Geoff, be aware that the [DECODE] program you use to convert MIDI files to text seems to have the following issues: [...] 3. When it displays an SMPTE Offset meta event, it is incorrectly displaying the entire first byte as an hours value ("33 hours") instead of correctly interpreting the high bits as indicating the time code type (time code type is 25 frames per second and hour value is 1 hour).
As for the SMPTE, when did the spec change to allow for the use of the hight bits in the '[hour]' value for 'time code type'. Was this parameter active when the software was written in 1991/2.
Hm, I don't know. I don't use SMPTE time myself, but when I noticed the SMPTE Offset hour value in a sequencer I use [Sekaiju] was different than the hour value in text file you made, I peeked in the specs to see what could be going on.
more than a month ago
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#9262
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Thanks for all the info. I have a much better understanding of how SMPTE works with MIDI, and also a little better grip on delta times. Hopefully I won't need any of it ;) But I also said that about a bunch of other stuff that I learned as I was in the earlier stages of my project, much of which will now be part of the final program :D Currently as is, when processing a file, I discard most of the data that I don't need or store it in variables that don't get used (including delta time values and SMPTE data, among many others). To skip, I read delta time, the next event type, then the v_length, then jump over that many bytes until I reach the next delta time byte(s). I do have a placeholder to add additional data extraction for every meta type as well as some other things just in case. With that last data extraction bug sorted out, I don't believe I have any files left over that cause any issues except for a truncated file which crashes it because I try to read outside of the file based on the file/track length in the file, but I can fix that with an appropriate fail-safe.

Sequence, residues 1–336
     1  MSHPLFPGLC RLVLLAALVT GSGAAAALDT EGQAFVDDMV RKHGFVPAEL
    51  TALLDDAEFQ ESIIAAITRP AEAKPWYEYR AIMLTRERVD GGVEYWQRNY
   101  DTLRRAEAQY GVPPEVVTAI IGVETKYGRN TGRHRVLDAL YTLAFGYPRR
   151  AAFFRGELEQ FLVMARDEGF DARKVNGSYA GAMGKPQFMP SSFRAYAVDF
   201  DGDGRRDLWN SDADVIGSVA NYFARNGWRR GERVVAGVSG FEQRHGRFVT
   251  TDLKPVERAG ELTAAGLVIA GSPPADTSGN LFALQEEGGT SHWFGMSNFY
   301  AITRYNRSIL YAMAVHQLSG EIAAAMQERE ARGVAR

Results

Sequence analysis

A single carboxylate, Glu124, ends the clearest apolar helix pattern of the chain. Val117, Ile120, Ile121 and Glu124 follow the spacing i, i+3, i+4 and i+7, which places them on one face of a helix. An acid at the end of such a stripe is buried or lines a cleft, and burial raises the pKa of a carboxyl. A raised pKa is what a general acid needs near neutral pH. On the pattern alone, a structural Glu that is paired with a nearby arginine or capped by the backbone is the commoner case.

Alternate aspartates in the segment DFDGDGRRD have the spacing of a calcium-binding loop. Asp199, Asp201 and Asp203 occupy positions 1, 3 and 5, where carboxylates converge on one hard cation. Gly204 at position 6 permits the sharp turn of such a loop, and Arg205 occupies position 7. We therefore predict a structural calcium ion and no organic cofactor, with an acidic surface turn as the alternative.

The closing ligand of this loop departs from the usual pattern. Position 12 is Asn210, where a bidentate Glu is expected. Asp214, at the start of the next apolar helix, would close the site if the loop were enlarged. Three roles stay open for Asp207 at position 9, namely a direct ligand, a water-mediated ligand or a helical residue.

My project is for editing instruments, so much of the other "normal" info in the file is irrelevant to what I am doing and remains untouched.
more than a month ago
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#9263
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Geoff: nice catch!
a fixed version is online.

C:\JZZ\test-midi-files>node . HALLOFMK.MID print
SMF:
type: 0
ppqn: 480
tracks: 1
MTrk:
0: ff54 -- SMPTE Offset: 00:00:00:00:00
0: ff58 -- Time Signature: 4/4 24 8
0: ff59 -- Key Signature: C
0: ff51 -- Tempo: 120 bpm
0: b0 40 7f -- Damper Pedal On
0: 90 36 30 -- Note On
2: 90 42 2b -- Note On
...
more than a month ago
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#9274
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Geoff: nice catch!
a fixed version is online.

This is EXACTLY why I have so many different files to test my software ;) Sometimes you just never know it's broken or you are missing something until that case pops up!
more than a month ago
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#9275
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Attaching a test file with a 1 minute SMPTE offset. MS Media Player ignores it.
I believe 99.99% of other players will ignore it too.